On the 29th June, at 4:30pm, just before the books close for the financial year, I found myself waiting. Then, at nearly 5pm, I receive a flood of information from various stakeholders that affect year end and which was requested earlier in the month. Here is when my stress levels hit the roof and anger was steaming from my ears. Sound familiar?
As Accountants, a lot of our time is spent on either making assumptions or chasing information in order to validate those assumptions to close off whatever financial activity we are working on at the time. These activities are not flat lined, these have their peaks and troughs, where we feel like we are either twiddling our thumbs or working to ridiculous deadlines.
So, I looked to industry to see what other teams are doing to solve this issue – surely I’m not alone? What would an effective Finance function look like?
And what I found is that there are others, like me, who strive to remove this stress and inefficiency from their lives. There are those that even succeed – intentionally or unintentionally. And the success stories used Kanban and other Lean techniques to streamline their processes that all come from adopting agile principles into ways of working.
Kanban has been around for many years now, like 80 years at least, originally developed by Taiichi Ohno for Toyota automotive in Japan. And this way of working has been mainly used by Engineers, IT and other fairly hands on industries. Not something mainstream Accountants considered using, up to now.
But why is this changing? Surely with IT systems and processes in place, our accounting lives were meant to become easier and simpler – not requiring thinking about changing ways of working? Systems and processes are only as good as the data that goes into them and the receipt and processing of this data for the purposes of tax, management, project and other types of reporting still relies on Accountants and their ways of working.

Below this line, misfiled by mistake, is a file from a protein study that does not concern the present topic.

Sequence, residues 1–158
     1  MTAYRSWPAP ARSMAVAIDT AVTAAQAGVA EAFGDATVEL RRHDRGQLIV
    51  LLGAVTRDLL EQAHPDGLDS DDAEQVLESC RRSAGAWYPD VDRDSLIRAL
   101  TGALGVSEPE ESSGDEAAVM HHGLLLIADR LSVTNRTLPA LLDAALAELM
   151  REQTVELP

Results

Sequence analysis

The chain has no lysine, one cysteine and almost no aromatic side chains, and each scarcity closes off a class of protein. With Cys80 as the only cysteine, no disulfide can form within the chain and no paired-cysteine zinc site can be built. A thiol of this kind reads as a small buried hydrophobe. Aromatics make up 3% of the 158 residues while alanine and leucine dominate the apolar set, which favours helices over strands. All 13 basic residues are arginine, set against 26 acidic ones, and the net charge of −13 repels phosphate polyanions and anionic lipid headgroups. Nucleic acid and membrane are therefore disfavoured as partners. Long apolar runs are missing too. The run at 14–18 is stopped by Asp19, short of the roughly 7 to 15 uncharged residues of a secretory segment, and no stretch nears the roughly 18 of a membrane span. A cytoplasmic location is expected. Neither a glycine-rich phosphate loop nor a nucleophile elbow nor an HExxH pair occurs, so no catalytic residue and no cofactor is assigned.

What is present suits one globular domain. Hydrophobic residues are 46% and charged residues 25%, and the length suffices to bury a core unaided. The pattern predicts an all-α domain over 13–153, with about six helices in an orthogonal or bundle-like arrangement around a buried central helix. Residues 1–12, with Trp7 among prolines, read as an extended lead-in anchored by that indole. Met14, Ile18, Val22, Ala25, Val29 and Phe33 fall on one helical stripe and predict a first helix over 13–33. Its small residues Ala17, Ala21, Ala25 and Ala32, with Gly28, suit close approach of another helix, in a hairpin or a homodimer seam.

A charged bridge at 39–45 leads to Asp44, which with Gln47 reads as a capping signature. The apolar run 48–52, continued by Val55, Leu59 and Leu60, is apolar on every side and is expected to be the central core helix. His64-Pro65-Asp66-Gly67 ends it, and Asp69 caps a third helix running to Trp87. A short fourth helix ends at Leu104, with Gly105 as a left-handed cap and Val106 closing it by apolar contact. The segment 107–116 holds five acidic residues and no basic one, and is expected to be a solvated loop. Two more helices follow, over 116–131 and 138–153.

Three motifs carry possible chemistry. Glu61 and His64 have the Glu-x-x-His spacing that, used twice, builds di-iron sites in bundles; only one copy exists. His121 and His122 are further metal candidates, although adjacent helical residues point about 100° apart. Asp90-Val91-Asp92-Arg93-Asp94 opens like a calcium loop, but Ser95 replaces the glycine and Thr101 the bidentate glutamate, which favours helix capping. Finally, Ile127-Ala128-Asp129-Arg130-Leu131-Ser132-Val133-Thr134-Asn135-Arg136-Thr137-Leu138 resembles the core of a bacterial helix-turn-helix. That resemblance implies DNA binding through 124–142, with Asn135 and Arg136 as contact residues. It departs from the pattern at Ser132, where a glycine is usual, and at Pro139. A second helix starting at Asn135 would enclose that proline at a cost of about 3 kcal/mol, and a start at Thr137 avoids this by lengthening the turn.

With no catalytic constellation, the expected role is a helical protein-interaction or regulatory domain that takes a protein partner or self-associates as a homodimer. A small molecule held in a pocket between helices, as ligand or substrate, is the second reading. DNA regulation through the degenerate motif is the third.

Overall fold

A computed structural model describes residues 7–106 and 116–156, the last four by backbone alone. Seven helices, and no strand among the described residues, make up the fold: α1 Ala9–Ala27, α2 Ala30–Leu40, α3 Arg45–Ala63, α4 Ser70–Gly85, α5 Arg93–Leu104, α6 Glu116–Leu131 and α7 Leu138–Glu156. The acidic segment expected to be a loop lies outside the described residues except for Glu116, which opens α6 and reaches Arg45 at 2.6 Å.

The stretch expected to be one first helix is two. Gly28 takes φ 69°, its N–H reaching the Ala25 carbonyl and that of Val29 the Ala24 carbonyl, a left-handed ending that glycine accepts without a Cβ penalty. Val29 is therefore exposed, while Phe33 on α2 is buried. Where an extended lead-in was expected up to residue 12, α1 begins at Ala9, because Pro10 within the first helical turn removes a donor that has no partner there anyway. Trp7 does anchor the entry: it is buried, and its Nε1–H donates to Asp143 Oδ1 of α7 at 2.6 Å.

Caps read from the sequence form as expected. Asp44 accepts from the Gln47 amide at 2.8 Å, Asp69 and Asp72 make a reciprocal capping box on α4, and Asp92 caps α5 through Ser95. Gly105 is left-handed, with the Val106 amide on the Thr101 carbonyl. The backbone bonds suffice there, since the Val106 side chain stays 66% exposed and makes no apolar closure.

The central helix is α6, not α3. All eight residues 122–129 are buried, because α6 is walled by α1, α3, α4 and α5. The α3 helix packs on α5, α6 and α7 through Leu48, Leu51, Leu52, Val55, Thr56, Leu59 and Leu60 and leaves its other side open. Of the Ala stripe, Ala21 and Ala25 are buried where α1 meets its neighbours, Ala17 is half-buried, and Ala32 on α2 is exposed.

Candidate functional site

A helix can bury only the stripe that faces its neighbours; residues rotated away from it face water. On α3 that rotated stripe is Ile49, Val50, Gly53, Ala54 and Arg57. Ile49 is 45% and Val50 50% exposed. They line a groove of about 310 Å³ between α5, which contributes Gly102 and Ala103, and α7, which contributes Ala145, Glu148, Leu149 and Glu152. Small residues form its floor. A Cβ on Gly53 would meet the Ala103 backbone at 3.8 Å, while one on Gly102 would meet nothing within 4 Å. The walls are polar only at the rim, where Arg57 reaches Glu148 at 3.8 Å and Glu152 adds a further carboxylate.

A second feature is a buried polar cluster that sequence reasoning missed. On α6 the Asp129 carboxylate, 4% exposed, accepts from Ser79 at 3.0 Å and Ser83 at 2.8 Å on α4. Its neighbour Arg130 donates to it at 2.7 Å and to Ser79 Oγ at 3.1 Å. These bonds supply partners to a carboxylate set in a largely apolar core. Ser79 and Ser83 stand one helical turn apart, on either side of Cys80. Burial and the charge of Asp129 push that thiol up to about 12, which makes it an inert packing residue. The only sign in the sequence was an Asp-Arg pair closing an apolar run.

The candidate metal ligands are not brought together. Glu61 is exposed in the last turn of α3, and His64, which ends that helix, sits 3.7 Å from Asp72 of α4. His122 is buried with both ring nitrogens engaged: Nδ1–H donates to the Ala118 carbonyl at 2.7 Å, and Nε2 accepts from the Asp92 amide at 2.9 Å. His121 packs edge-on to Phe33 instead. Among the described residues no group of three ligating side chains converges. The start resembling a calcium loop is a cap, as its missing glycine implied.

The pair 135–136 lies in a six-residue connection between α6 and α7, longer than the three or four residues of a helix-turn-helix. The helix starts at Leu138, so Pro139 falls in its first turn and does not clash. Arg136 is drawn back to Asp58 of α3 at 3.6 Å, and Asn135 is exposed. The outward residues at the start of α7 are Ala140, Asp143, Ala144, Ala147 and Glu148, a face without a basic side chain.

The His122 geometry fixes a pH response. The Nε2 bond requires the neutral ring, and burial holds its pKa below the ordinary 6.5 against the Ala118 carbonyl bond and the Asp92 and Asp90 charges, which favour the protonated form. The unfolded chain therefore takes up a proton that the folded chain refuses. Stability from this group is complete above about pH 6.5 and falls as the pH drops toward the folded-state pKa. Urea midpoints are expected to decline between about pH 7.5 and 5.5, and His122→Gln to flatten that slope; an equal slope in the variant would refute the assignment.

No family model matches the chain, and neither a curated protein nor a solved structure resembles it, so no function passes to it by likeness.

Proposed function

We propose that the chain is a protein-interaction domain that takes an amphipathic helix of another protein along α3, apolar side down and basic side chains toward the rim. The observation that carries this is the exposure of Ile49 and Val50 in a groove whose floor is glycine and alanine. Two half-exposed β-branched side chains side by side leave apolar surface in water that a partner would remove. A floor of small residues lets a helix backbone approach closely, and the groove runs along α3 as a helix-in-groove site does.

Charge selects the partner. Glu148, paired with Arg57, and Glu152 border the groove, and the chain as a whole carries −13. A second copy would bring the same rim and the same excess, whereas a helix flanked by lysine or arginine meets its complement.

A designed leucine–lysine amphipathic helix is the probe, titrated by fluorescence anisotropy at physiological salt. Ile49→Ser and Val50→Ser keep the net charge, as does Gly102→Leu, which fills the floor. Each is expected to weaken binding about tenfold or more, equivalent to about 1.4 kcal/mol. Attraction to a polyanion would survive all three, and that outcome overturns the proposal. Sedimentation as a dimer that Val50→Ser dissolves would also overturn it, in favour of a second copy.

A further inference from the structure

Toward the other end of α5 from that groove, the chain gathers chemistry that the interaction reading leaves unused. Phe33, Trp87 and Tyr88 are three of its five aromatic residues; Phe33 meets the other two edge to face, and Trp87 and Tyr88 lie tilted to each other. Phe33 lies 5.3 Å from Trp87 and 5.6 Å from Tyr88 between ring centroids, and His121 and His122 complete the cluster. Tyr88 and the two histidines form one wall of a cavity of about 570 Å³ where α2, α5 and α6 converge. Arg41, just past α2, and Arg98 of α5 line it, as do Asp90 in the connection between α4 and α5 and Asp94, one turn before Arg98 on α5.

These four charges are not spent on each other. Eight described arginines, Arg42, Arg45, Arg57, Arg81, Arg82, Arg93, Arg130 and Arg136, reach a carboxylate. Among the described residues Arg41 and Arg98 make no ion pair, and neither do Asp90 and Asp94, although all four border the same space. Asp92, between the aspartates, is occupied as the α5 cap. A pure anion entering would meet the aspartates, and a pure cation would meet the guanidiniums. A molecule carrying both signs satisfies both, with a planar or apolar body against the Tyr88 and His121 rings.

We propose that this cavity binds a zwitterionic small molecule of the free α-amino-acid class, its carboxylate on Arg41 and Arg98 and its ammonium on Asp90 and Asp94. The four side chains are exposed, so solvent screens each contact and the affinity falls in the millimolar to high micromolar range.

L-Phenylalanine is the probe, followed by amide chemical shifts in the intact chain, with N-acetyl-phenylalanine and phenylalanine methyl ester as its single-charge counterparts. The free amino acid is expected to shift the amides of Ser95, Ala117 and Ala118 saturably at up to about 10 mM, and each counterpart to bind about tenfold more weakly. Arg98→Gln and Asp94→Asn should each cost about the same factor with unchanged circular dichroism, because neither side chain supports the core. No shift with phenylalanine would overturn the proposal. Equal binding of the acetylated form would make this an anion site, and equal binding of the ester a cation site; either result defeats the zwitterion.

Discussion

What I’ve seen is that moving toward more Agile ways of working in the Finance function, along with the rest of the business, can enable productivity and reduce burn-out. Looking to what we know works, and in this case Kanban has been working for north of 80 years.
Simply put, Kanban is a way of working through visualisation (as in literally drawing it up) of all the tasks we do during a specific process. Then look at understanding what is eating away at our time like ehem… meetings, and realistically taking ownership of how much is doable within that time period. Sounds simple, right? Reality is, there are a couple more rules to ensure this works for you.
In the next few months, in partnership with Chartered Accountants ANZ, AxisAgile and Project Accounting Australia will be running a series of workshops, which will open your mind to frameworks like Cynefin, Kanban, Scrum and business Agility. These will be limited to 20 people per virtual workshop on a first come first serve basis.
To not miss out on this limited opportunity, click here to register.